Chapman v. State, Tex.Cr.App., 470 S.W.2d 656, is more nearly in point. The case involved a robbery in which Chapman was an alleged accomplice. The evidence showed that at the time of his arrest in a cafeteria he had a pen in his hand and that a paper napkin was recovered from a table where the two arrestees were seated containing certain numerical notations including "600 bonds" and "600 me."

*869 In Chapman, supra, we found that evidence insufficient to corroborate the accomplice.

We reach the same conclusion here.

The judgment is reversed and remanded.


DAVIS, Commissioner.

Both the State and the appellant have filed motions for rehearing.

The State urges that the witness Feliciana Martinez was not an accomplice witness as a matter of law and, therefore, her testimony need not be corroborated by non-accomplice testimony as required by Art. 38.14, Vernon's Ann.C.C.P. The record reflects that the witness was present at the planning of the crime. The witness, appellant and their companions who entered the store and committed the murder and robbery all went to the scene of the crime in the same automobile. Feliciana Martinez and appellant waited for their companions in the getaway car until the crime was committed. The witness received a share of the fruits of the crime, however, slight they may have been. Certainly, there was evidence that the witness Martinez was an accomplice. At the very least, there was evidence which would have required submission of the fact question of whether she was an accomplice witness in the court's charge to the jury. It follows that we cannot say, as a matter of law, that the witness was not an accomplice. Further, the trial court having charged the jury that Feliciana Martinez was an accomplice as a matter of law, such instruction became the law under which the jury was required to decide the case. For this court to consider the case on the basis that Feliciana Martinez was not an accomplice witness would be placing us in the position of reviewing the case on appeal upon a premise different from that upon which it was submitted to the jury.

Appellant urges this Court to reach a different disposition of the cause than the order of reversal and remand that was entered in the original opinion. Specifically, he requests that this Court either enter a judgment of acquittal or dismissal or that it instruct the trial court to enter a judgment of acquittal. This request is based upon the premise that the trial court committed fundamental error when it refused to grant appellant's motion for a directed verdict of acquittal following the conclusion of the State's evidence. At this point in the trial of the cause, the appellant pointed out the fact that the State had failed to corroborate the testimony of the accomplice witness. Therefore, the appellant contends that this court should now "undertake to do what the trial court failed to do."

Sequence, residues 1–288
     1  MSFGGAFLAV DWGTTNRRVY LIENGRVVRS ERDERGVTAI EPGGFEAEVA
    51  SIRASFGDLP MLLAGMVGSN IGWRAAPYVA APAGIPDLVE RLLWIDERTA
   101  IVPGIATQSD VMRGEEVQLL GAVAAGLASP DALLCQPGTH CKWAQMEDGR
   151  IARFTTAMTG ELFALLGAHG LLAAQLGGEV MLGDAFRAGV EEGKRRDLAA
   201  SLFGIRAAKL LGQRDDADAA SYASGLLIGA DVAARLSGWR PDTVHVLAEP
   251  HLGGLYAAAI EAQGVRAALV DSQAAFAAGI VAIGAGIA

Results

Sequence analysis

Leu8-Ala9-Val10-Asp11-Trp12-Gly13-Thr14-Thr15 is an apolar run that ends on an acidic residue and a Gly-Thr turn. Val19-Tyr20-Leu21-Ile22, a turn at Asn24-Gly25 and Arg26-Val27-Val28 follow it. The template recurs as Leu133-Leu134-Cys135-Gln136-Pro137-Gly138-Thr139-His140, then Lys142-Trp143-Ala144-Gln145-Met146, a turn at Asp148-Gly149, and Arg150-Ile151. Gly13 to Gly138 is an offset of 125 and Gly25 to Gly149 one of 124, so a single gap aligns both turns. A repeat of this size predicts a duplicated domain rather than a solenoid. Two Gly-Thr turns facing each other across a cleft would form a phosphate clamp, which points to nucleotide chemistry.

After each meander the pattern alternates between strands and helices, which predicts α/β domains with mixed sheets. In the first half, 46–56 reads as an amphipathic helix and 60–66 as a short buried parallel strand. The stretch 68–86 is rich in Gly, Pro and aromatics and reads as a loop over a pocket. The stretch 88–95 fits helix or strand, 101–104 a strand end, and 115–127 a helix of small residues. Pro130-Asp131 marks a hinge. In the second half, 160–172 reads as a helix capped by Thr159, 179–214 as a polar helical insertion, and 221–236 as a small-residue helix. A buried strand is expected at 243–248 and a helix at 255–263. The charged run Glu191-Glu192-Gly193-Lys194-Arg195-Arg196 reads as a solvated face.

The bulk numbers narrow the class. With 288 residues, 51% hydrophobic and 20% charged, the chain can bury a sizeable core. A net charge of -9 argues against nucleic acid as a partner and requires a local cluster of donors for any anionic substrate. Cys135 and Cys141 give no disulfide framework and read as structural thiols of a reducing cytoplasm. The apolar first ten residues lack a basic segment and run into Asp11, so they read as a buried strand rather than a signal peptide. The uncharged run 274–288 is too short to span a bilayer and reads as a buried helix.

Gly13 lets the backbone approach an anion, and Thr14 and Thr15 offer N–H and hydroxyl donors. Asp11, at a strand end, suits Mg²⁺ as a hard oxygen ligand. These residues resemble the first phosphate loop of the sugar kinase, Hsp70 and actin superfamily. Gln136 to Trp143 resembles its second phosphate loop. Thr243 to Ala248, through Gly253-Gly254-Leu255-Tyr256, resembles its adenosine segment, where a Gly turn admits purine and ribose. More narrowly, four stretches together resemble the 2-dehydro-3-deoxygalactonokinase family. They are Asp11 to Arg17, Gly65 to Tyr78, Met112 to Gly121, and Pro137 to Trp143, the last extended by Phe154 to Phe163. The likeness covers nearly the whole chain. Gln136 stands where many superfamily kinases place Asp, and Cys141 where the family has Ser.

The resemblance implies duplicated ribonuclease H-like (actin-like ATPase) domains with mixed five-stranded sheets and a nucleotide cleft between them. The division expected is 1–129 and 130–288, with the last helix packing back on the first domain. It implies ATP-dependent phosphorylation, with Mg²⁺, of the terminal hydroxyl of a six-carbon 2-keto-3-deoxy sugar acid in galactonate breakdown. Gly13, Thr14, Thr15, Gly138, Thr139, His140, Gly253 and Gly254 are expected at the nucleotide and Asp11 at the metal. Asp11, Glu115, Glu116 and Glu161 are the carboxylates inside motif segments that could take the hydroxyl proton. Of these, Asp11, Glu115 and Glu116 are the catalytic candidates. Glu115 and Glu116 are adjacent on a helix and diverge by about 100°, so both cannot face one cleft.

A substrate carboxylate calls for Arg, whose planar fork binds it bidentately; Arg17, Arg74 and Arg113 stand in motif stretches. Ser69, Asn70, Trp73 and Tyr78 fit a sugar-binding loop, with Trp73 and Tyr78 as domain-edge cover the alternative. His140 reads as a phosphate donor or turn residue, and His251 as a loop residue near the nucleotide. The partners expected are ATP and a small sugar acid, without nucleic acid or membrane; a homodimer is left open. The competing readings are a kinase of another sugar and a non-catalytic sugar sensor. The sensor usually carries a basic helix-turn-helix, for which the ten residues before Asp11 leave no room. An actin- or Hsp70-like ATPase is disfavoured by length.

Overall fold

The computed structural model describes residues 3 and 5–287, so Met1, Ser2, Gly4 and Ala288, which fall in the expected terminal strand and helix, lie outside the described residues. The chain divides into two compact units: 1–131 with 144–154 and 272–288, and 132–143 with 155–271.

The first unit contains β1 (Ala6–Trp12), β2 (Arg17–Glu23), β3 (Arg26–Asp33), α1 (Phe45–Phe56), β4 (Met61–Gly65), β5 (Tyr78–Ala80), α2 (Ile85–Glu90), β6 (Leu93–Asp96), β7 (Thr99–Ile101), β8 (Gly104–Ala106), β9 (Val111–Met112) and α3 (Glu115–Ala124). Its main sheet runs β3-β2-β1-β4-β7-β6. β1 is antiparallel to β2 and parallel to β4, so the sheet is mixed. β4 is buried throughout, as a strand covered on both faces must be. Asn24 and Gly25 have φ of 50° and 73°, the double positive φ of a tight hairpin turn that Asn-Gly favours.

This contention, however, is against established precedent and statutory requirement. Article 44.25, V.A.C.C.P., expressly provides that, "The Court of Criminal Appeals may reverse the judgment in a criminal action, as well upon the law as upon the facts. A cause reversed because the verdict is contrary to the evidence shall be remanded for new trial." (emphasis added). In addition, this Court has held in numerous cases that the proper disposition, upon a finding that the evidence is insufficient to corroborate the testimony of an accomplice witness, is to reverse and remand that cause for a new trial. See Noble v. State, 100 Tex.Cr.R. 404, 273 S.W. 251; Franklin v. State, 62 Tex.Cr.R. 433, 138 S.W. 112; Durham v. State, 106 Tex.Cr.R. 85, 290 S.W. 1092; Morris v. State, 135 Tex.Cr.R. 384, 120 S.W.2d 592; Donley v. State, 167 Tex.Cr.R. 427, 320 S.W.2d 847.

Appellant also contends that a retrial of this cause would place him in double jeopardy as he was entitled to an acquittal at the conclusion of the State's evidence. This question is not before us; however compare Dupree v. State, 56 Tex.Cr.R. 562, 120 S.W. *870 871 (1909); Andrews v. State, Tex.Cr. App., 436 S.W.2d 546; Whitehead v. State, 162 Tex.Cr.R. 507, 286 S.W.2d 947.

For the reasons stated above, the motions for rehearing are overruled.

Opinion approved by the Court.


[1] Article 38.14, V.A.C.C.P., provides: "A conviction cannot be had upon the testimony of an accomplice unless corroborated by other evidence tending to connect the defendant with the offense committed; and the corroboration is not sufficient if it merely shows the commission of the offense."